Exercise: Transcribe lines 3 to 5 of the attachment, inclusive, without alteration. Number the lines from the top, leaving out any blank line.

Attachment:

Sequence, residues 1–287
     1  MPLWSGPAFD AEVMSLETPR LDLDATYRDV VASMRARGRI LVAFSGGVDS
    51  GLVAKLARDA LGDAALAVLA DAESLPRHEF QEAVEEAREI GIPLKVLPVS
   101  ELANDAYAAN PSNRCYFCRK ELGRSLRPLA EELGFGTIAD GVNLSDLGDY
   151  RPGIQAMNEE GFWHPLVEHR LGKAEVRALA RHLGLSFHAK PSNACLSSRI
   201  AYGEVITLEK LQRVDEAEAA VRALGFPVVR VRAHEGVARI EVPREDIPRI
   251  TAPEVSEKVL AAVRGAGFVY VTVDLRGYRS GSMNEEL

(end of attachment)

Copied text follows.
    51  GLVAKLARDA LGDAALAVLA DAESLPRHEF QEAVEEAREI GIPLKVLPVS
   101  ELANDAYAAN PSNRCYFCRK ELGRSLRPLA EELGFGTIAD GVNLSDLGDY
   151  RPGIQAMNEE GFWHPLVEHR LGKAEVRALA RHLGLSFHAK PSNACLSSRI